Date of Award
Doctor of Philosophy (PhD)
Professor Martin Daly
This thesis presents research on the nature of human kinship interactions, with special emphasis on birth order and its relationship to discriminative parental treatment of offspring and the development of within family differences. These issues are looked at through the lens of evolutionary psychology, a brief explanation of which is given in chapter 1. Chapter 2 is a theoretical and empirical critique of the applicability of a recent theoretical analysis of family relations in the animal kingdom in general to the specific case of human family relations. Chapters 3 and 4 focus specifically on birth order and parent-offspring relations, and their potential relationship to important life decisions, such as the age at which children leave home, and the amount of education they receive, among other things. Chapter 5 presents work on birth order, or rather, hatch order, and parent-offspring and sibling-sibling relations in a non-human animal, the herring gull, and serves to highlight the close integration of theory that exists between evolutionary psychology and animal behavior. The human and herring gull work represented here are both predicated on the same theoretical groundwork. The different ways in which these influences are played out is a function of the different ecology of these two species.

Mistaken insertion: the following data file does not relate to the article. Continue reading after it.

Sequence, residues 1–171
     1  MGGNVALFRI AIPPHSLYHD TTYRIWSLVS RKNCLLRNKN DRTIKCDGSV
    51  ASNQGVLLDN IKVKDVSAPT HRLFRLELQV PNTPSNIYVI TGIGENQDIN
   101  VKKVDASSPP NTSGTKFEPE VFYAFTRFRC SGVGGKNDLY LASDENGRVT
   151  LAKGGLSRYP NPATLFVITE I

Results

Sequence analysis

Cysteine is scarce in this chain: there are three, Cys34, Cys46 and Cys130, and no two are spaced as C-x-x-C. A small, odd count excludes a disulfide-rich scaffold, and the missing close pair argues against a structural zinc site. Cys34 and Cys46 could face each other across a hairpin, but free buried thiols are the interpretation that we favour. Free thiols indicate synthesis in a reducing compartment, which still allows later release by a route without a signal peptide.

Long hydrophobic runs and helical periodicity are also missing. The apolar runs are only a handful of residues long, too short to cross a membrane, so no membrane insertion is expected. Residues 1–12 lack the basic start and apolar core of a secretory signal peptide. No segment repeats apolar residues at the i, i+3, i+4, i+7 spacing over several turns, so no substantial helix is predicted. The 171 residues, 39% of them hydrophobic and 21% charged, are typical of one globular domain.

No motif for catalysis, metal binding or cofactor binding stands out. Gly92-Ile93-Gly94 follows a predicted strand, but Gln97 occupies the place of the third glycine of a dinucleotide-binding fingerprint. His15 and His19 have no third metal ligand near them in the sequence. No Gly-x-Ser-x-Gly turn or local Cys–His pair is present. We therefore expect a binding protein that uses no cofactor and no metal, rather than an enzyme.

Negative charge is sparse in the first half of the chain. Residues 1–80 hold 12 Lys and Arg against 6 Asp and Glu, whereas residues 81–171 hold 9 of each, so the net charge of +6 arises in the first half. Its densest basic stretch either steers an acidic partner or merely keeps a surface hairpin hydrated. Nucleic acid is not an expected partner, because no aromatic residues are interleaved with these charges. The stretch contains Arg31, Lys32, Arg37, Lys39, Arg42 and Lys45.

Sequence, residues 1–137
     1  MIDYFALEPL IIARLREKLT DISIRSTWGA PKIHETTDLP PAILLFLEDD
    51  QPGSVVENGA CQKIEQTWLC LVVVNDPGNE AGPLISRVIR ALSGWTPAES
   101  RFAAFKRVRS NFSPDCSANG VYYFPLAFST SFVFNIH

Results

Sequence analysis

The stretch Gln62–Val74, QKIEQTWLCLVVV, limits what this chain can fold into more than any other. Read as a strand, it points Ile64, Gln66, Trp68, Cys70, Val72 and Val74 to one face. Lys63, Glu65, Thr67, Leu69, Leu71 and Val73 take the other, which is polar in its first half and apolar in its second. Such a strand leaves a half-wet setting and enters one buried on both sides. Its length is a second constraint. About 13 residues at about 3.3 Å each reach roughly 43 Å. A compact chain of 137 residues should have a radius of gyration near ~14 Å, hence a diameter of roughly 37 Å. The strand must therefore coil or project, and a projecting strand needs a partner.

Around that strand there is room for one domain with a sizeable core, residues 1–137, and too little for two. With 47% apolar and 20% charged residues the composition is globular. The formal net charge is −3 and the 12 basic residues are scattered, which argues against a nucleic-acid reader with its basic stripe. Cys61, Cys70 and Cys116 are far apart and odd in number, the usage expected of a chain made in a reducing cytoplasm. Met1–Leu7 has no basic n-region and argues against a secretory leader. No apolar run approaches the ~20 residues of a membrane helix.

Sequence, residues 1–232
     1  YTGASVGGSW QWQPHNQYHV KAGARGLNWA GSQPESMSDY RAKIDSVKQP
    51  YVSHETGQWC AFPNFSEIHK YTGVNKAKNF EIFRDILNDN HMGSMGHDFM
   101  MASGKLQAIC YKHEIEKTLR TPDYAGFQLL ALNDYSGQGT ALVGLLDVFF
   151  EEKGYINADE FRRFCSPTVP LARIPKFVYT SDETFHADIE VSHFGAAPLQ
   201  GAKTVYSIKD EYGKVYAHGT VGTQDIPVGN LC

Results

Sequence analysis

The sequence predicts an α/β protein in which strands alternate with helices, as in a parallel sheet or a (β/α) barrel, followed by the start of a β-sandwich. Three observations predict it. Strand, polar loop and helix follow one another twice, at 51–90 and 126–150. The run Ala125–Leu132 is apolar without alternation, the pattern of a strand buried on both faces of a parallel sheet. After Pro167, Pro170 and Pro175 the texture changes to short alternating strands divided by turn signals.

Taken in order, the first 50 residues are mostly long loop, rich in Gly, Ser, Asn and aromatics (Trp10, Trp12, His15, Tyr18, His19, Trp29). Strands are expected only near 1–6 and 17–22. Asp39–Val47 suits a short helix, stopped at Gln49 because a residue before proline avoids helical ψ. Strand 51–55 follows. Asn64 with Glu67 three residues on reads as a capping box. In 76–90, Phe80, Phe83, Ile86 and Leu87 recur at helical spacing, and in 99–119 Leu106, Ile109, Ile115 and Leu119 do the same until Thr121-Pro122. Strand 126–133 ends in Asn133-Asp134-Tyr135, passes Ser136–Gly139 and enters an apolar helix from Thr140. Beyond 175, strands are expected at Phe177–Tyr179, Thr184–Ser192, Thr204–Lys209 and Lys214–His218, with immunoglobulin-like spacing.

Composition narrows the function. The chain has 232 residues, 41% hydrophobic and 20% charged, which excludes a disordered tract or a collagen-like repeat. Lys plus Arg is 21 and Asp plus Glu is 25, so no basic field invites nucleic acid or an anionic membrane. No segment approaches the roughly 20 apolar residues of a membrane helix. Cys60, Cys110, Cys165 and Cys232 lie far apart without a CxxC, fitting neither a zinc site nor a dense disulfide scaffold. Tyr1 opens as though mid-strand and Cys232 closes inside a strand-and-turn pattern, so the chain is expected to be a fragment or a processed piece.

Davis, Jennifer Nerissa, "Parental Treatment And Offspring Differentiation: An Evolutionary Analysis" (1996). Open Access Dissertations and Theses. Paper 2327.